Thanksgiving Day has always been my favorite holiday.  It is a quiet, peaceful, relaxing time focused on nothing more than gratitude and breaking bread with family and friends.  Other holidays are loud, frantic, crass and focused on things like buying and getting stuff, strutting around in new outfits, eating too much candy, loud fireworks, and parties where people are not themselves and drink too much–by comparison.

A close second for me is Valentines Day.  Again, a time of gratitude, expressions of love, and sharing a quiet dinner and intimate time with someone close.

One of the things that impresses me most about each of the subjects in Ten Difficult Women is their ability to enjoy and be grateful for life’s quiet, subtle, beautiful elements and moments:  Nature, the life of the mind, composing a perfect journal entry, leading musicians through an exquisite performance, throwing a perfect “knuckle-ball,” casting a first vote, children, conducting former slaves to freedom, producing a film or giving a speech or writing a law that leads to positive change, creating a beautiful dress, appreciating glistening raindrops and the sound of a Lark from an attic window, or playing and cuddling with a beloved pet.

These are things that are truly memorable and worth celebrating.  Happy Thanksgiving!


Posted by Karen Hadalski at 9 November 2012

Category: Uncategorized

Well, it is all over.  And, after months and months of being bombarded with vicious attack ads, too much junk mail, and incessant robo-calls; after months and months of spending millions of dollars and wasting millions of hours on campaigning instead of working to dig America out of the fiscal, social, and foreign affairs hole we find ourselves in, where have we ended up?  “RIGHT BACK WHERE WE STARTED FROM”–same president, same divided congress, same ever-worsening problems.

A few other well-known sayings spring to mind:  “A DEMOCRACY ALWAYS ENDS UP WITH THE LEADER IT DESERVES.” Alexis de Tocqueville, Democracy in America. (Except, in this case, only half of America gets what it deserves–for better or for worse.)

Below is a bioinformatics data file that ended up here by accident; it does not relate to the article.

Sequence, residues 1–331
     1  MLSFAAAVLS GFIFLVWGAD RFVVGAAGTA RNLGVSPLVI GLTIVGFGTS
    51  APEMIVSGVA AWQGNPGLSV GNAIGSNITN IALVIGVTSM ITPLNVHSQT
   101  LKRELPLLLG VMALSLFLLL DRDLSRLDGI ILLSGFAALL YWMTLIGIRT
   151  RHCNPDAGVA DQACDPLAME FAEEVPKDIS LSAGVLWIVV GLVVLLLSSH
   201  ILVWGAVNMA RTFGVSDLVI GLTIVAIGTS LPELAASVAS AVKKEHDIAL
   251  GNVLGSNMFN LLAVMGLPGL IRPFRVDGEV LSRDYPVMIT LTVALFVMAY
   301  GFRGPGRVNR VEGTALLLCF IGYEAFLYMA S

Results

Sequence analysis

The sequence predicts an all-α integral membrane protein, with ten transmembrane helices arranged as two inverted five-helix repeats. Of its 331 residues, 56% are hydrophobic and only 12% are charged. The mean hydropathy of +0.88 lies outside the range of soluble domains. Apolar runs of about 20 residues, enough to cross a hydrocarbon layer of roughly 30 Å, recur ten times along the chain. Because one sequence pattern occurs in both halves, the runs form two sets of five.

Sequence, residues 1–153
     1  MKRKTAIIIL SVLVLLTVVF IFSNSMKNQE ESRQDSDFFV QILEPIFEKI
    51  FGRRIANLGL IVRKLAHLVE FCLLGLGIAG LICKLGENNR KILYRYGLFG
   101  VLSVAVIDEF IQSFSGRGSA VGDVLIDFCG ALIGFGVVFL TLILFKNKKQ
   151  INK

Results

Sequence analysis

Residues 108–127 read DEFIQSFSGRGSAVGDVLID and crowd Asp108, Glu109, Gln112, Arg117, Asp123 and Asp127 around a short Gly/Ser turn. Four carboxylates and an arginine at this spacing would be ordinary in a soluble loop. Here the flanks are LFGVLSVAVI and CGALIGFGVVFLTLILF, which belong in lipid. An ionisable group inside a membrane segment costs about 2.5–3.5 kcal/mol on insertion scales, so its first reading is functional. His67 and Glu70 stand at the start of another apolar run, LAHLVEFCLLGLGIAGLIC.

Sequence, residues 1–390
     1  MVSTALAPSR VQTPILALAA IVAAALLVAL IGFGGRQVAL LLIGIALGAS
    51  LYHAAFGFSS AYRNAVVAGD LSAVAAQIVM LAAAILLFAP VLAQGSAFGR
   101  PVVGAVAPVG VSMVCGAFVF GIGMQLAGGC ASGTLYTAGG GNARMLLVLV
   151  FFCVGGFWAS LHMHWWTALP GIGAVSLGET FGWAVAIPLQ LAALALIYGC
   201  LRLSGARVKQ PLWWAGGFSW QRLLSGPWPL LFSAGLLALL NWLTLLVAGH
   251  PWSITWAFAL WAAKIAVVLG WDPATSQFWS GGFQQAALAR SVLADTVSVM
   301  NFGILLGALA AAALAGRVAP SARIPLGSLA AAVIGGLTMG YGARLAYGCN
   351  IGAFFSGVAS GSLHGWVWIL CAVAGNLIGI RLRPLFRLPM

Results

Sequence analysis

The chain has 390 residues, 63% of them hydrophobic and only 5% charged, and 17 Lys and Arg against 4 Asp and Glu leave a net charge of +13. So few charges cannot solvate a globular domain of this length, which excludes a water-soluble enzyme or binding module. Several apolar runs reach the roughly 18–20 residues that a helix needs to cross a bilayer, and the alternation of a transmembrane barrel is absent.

“A LEOPARD CAN’T CHANGE ITS SPOTS.”  An obvious observation.

All we can do now is try to figure out how and why we are where we are; learn from the past; and pray for the morality, sanity, wisdom, and competency of the officials 50% of our citizenry elected to lead us through the next four years.

One last saying:  “GOD BLESS US, EVERYONE.”  Tiny Tim, A Christmas Carol.

Posted by Karen Hadalski at 2 November 2012

Category: Uncategorized

I’m an Independent who has voted for Democrats, Republicans and third party candidates throughout the years.  I try to keep my blog posts non-political.  But—I Believe in Destiny.  I also believe that never in the history of America–since our Founding Fathers–has there been a man so profoundly destined to restore the principles and vision of those founders; lift us out of the fiscal, social, and foreign affairs abyss of the present; and lead us into a sane and solvent future than Mitt Romney.

He was born for this moment in history to a mother who was told she could have no more children; nurtured by the uniquely American religion of Mormonism; raised by two socially and politically involved parents; motivated by a morality of service and stewardship; and educated in both Business Administration and Law at Harvard University.

Though jealously denigrated for being “too rich”–primarily by those who have not been able to achieve the American Dream themselves or have come into their wealth in mysterious, dubious ways–Romney is, in fact, one of the finest examples of what “being American” is all about.

Yes, he was gifted with a stable, secure upbringing and a good education.  However, he attained his simultaneous degrees through self-discipline, focus, and hard work.  Yes, he has amassed millions–every dollar of which was earned, not inherited–and which has been invested and managed with sound judgement and prudence.